III. LEBANON IN THE OLD TESTAMENT

With their abundance in wood, towering heights and eternal snow, the mountains of Lebanon fascinated the ancient peoples. They left behind deep traces in the literature, theology and the world of symbols of the Israelites, and thus in the Old Testament. Lebanon was mentioned more than seventy times in the Old Testament (Khalaf 1985: 23; Kinet 1997: 876) and “more than ten times in extra-canonical literature” (Gangloff 1997: 4). Lebanon was the single most flattered, venerated and desired region in the eyes of the authors of the Old Testament (cf. Gangloff 1997: 4).

A. Lebanon as part or boundary of the Promised Land.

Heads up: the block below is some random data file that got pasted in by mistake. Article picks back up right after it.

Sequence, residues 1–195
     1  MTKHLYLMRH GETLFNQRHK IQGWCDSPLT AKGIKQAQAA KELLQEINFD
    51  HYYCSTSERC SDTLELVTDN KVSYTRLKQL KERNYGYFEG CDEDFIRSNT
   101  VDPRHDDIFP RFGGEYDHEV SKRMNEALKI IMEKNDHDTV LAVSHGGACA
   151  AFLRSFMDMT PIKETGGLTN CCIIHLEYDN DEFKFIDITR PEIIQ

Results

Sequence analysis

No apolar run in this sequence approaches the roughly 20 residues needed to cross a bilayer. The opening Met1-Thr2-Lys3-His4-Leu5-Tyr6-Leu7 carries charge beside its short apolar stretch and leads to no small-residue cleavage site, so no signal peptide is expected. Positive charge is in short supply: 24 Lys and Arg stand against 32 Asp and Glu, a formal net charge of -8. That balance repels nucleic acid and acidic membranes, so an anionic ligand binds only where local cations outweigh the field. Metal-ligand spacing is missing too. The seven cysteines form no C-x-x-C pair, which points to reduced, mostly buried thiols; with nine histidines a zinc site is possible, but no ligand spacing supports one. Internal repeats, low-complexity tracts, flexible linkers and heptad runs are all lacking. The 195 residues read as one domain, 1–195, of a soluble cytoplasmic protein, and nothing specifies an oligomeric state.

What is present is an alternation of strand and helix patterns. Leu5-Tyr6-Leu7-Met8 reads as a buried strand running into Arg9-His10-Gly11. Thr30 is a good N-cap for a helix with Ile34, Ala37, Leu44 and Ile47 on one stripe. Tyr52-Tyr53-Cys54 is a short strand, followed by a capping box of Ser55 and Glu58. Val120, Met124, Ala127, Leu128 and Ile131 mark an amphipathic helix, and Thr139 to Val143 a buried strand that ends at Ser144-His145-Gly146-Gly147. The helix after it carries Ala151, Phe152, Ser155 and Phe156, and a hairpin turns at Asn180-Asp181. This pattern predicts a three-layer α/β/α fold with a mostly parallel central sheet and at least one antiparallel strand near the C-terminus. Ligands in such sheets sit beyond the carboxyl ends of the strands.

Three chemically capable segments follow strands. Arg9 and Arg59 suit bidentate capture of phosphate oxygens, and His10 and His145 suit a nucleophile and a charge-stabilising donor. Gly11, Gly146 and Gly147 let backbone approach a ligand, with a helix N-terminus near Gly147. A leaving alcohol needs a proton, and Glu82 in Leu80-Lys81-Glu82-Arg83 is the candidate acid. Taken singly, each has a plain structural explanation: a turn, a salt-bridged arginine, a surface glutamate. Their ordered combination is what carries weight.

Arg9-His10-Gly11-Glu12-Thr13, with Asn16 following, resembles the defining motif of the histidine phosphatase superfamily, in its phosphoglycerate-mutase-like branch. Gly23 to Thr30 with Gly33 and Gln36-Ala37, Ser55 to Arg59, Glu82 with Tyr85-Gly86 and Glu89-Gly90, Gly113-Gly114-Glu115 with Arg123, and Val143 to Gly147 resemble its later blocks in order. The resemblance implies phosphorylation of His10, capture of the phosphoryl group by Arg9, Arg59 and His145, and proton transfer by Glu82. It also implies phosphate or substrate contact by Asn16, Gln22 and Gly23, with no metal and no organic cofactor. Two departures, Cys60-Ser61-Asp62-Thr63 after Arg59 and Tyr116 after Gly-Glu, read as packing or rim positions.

Kinet has made a clear distinction among three different viewpoints through which the Old Testament considers the territory of Lebanon as part of the Promised Land (Kinet 1997: 876-7). As an idealization, in several instances the Old Testament claims the land of Lebanon as part of the territory of Israel (Deuteronomy 1:7, 3:25, 11:24; Joshua 1:4, 11:17, 13:6; 1 Kings 9:19 par; Chronicles 8:6; Zechariah 10:10). In other instances, the writers of the Old Testament think of Lebanon as the northern boundary of the land God promised to his people (Joshua 1:4, 9:1f., 11:17, 12:7, 13:5; Judges 3:3). In two instances (Joshua 13:5; Song of Songs 4:8), “Lebanon” is used to describe all the hill country in middle Syria.